[Marketing] A label for Sugar distributions - plan to rework classic "ingredient" branding and include it in our trademark policy

Sean DALY sdaly.be at gmail.com
Wed Jan 13 13:22:52 EST 2010


We will soon complete the Sugar Labs trademark policy (draft is here:
http://wiki.sugarlabs.org/go/Sugar_Labs/Governance/Trademark). It's
been a topic of work and discussion in the past few SLOBs meetings.

The goal of this policy is not just to protect Sugar Labs marks from
confusion, but to promote Sugar brand awareness. Specifically, to
avoid confusion over what precisely Sugar Labs and the Sugar on a
Stick "distribution" are, while encouraging other projects to build
and develop their own distributions with Sugar, especially liveUSB
solutions which have the best probability of overcoming the OS
installation barrier.

The best way for an alternate self-contained Sugar distribution to
avoid confusion with Sugar and SoaS is to use a different name. Yet,
at the same time we need to build the Sugar brand name beyond Sugar
the project and Sugar on a Stick. And of course we wish to support all
distributions with Sugar (weak as the distro and desktop brands are).
How can we do this?

My idea is to create a label program, licensing our marks. This is
sometimes called "ingredient marketing", defined as "an ingredient or
component of a product that has its own brand identity". It's an old
idea - Ray Dolby did it with sound equipment from the 1970s (1,2);
Intel had huge success with the "intel inside" marketing campaign
begun in 1991 (3,4,5). Other examples are TetraPak bricks, Shimano
bicycle parts, NutraSweet sweeteners, GoreTex fabric, DuPont's Teflon.

Ray Dolby became fabulously rich with his licensing program. I propose
we turn the approach inside out and take inspiration from free
software licensing. With this approach, licensing of Sugar Labs
trademarks will be free, simple and easy as long as certain conditions
are respected by the licensee, in particular:

* Sugar Labs be informed by e-mail to the trademark alias of the
project's sponsor, URL, contact information, and proposed project name
(not a name used by Sugar Labs, e.g. "Sugar on a Stick"), with
positive reply;
* The project's page not display Sugar marks too prominently, to avoid
confusion in visitors unaware of the SL site; the project's page links
to the SL website;
* SFC/Sugar Labs reserves the right to revoke the license
* others?

When would licensing not be routine, i.e. require consideration before
* project name or logo or URL too close to our marks, risk of confusion
* insistence on association of another brand with Sugar
* inclusion of nonfree software with Sugar
* others?

What could motivate us to revoke a license?
* atrocious product quality with no bugfixing
* abandonment of a project (imagine the horror of a well-referenced
but old and unmaintained distro)
* confusing marketing, not respecting the spirit of our license
* using SL marks in conjunction with other marks in ways which could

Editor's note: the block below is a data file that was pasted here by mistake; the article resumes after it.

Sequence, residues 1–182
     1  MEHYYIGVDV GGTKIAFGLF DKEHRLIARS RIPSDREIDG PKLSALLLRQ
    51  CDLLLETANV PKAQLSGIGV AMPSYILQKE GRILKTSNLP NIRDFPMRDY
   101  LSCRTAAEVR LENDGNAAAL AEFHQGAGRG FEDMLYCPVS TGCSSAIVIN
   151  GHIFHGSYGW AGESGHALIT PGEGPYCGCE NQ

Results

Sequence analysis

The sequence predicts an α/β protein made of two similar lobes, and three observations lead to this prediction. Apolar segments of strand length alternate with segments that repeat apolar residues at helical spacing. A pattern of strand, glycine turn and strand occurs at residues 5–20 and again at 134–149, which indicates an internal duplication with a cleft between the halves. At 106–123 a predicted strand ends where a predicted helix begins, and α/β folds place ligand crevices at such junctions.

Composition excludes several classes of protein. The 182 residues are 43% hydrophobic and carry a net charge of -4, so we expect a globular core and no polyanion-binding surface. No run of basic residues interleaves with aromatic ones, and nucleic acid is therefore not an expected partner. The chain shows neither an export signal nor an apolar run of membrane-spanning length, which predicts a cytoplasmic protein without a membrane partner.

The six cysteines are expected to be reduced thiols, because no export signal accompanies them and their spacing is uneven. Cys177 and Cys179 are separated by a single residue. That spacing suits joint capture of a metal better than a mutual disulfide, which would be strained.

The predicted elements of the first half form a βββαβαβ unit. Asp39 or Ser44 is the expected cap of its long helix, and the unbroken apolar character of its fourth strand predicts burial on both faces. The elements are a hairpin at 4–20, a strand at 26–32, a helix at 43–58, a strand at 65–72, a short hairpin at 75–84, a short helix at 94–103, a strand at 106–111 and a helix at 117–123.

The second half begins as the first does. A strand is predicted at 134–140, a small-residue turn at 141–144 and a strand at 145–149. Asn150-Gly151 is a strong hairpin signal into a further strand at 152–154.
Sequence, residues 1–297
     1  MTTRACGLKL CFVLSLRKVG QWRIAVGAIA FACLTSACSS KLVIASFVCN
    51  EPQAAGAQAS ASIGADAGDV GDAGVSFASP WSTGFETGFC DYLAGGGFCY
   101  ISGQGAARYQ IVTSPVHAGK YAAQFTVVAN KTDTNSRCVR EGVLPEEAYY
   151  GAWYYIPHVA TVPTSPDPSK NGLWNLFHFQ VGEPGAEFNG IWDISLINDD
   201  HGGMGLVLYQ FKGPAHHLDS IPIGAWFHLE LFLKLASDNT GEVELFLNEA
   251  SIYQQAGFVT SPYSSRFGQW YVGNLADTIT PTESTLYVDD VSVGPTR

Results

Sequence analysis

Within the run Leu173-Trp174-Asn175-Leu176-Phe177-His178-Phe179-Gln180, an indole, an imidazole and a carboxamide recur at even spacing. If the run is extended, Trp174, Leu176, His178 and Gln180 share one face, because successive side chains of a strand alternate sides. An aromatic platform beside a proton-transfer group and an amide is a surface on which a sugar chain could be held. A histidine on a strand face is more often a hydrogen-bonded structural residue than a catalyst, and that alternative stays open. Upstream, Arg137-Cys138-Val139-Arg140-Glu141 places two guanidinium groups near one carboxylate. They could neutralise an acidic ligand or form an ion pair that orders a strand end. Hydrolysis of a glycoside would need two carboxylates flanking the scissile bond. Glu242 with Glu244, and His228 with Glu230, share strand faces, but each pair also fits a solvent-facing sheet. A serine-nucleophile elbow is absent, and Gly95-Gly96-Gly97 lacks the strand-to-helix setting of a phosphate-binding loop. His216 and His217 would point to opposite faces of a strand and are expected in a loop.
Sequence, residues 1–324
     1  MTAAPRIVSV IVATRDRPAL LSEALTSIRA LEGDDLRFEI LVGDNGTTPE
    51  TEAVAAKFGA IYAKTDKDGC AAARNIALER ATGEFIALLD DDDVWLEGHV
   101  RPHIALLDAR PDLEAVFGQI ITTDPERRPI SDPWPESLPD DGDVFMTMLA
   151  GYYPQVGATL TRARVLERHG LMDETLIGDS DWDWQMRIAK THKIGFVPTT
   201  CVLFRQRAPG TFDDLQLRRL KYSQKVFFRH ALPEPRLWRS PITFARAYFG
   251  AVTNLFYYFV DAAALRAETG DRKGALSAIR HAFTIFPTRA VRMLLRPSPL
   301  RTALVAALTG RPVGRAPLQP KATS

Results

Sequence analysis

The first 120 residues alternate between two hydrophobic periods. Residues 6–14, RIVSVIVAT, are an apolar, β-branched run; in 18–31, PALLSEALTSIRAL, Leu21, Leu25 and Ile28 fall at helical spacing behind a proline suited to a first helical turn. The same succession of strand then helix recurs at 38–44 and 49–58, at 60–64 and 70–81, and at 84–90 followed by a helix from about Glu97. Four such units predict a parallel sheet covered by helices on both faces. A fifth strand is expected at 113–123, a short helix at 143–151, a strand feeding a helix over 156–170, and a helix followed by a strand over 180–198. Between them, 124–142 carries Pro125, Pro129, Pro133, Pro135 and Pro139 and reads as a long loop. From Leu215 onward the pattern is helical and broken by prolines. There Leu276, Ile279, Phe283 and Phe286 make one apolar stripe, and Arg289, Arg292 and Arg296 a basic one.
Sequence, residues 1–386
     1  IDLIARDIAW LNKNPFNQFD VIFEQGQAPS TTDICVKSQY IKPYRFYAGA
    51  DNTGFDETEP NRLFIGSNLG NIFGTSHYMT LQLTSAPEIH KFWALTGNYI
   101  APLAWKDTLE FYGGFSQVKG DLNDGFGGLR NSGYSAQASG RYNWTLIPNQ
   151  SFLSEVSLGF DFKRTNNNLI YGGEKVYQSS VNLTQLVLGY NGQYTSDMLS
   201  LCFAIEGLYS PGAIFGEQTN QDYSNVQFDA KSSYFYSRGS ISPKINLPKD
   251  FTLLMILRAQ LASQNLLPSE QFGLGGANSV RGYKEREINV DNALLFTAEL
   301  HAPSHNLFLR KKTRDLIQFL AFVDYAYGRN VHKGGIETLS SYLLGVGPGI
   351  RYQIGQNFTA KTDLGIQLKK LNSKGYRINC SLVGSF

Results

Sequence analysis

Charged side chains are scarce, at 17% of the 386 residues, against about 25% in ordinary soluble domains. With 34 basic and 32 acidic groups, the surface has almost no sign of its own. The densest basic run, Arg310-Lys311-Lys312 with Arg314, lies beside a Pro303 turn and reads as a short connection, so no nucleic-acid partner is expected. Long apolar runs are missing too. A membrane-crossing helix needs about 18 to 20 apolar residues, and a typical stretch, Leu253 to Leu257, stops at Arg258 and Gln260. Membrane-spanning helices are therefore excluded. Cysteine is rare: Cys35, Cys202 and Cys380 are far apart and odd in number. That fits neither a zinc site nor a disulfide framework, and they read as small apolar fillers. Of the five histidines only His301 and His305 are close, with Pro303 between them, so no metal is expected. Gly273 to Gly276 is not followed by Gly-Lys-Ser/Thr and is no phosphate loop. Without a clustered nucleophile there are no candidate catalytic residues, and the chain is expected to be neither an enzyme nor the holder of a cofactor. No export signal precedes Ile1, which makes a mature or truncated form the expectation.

imply SL partnership or endorsement which doesn't exist
* refusal to comply with Sugar software's licenses (GPL)
* others?

Naturally, in the above cases we will want to reflect upon what
recourse we would have if a licensee started creating problems.

Intel achieved their fabulous brand awareness (Nr. 23 in the 2009
Millward Brown Brandz Top 100) mostly due to pharaonic advertising
spend. We won't have that budget, so we will be inventing cheaper and
more effective ways of supporting Sugar distributions. I believe a
label program can help us support a diverse group of Sugar projects,
growing the Sugar brand and increasing Sugar adoption in schools and

OK, after objectives, examples, and theory, comes the fun (and
difficult) part - choosing the label text - our "circled intel inside
sticker", if you will. I believe the best approach is to communicate
the *idea* of a remix or a spin, but without using those words (which
have DJ connotations); one of Sugar's brand values is playfulness, and
we get to call our remixes something different from everybody else :D.
So perhaps best to keep the sweet tooth association, such as has
served us well with ice cream flavors for SoaS versions:

a sugar treat
a sugar confection
a sugar refinement
a sugar preparation
a sugar mix
a sugar concoction
a sugar recipe
a sugar formula
a sugar sprinkling
a sugar crystal

Alternatively, a more technical word could work; it might even be
preferable, so that teachers understand that Sugar is computer
software, e.g.:

a sugar construction
a sugar formation
a sugar creation
a sugar variety
a sugar variation
a sugar difference
a sugar combination
a sugar special

I use the "a" article to imply there are others; but perhaps someone
has a different idea?

Visually speaking, I would see our logo typeface (VAG Rounded Light)
with the word "sugar" being one of the random color combinations and
the other words in grey. The sugar mark will need the (R) of course,
and if the label is online it should link to the SL site, perhaps even
a page explaining what "a sugar xxx" is.

Input greatly appreciated.


1. http://www.law.northwestern.edu/journals/njtip/v2/n1/4/
2. http://www.dolby.com/professional/technology/licensing/getting-licensed.html
3. http://www.intel.com/pressroom/intel_inside.htm
4. http://www.intangiblebusiness.com/Brand-Services/Marketing-Services/News/Ingredient-branding-case-study-Intel~466.html
5. http://tpmtoday.blogspot.com/2007/04/thoughts-on-ingredient-marketing.html

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